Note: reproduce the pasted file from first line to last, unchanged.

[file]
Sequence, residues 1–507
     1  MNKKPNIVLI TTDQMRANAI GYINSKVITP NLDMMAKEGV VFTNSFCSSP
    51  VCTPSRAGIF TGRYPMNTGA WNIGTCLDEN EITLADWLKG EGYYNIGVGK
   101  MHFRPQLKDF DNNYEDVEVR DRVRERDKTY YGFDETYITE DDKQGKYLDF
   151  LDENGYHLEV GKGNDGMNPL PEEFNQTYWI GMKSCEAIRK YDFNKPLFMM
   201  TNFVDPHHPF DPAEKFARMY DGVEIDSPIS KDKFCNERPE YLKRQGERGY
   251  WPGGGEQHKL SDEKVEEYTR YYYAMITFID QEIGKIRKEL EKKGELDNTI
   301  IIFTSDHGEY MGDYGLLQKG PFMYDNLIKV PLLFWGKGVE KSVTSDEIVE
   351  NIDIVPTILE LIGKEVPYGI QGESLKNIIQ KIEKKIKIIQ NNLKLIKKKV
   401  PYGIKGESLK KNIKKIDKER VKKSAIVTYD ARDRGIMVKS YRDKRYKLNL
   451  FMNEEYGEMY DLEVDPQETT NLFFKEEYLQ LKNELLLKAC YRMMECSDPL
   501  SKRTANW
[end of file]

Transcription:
Sequence, residues 1–507
     1  MNKKPNIVLI TTDQMRANAI GYINSKVITP NLDMMAKEGV VFTNSFCSSP
    51  VCTPSRAGIF TGRYPMNTGA WNIGTCLDEN EITLADWLKG EGYYNIGVGK
   101  MHFRPQLKDF DNNYEDVEVR DRVRERDKTY YGFDETYITE DDKQGKYLDF
   151  LDENGYHLEV GKGNDGMNPL PEEFNQTYWI GMKSCEAIRK YDFNKPLFMM
   201  TNFVDPHHPF DPAEKFARMY DGVEIDSPIS KDKFCNERPE YLKRQGERGY
   251  WPGGGEQHKL SDEKVEEYTR YYYAMITFID QEIGKIRKEL EKKGELDNTI
   301  IIFTSDHGEY MGDYGLLQKG PFMYDNLIKV PLLFWGKGVE KSVTSDEIVE
   351  NIDIVPTILE LIGKEVPYGI QGESLKNIIQ KIEKKIKIIQ NNLKLIKKKV
   401  PYGIKGESLK KNIKKIDKER VKKSAIVTYD ARDRGIMVKS YRDKRYKLNL
   451  FMNEEYGEMY DLEVDPQETT NLFFKEEYLQ LKNELLLKAC YRMMECSDPL
   501  SKRTANW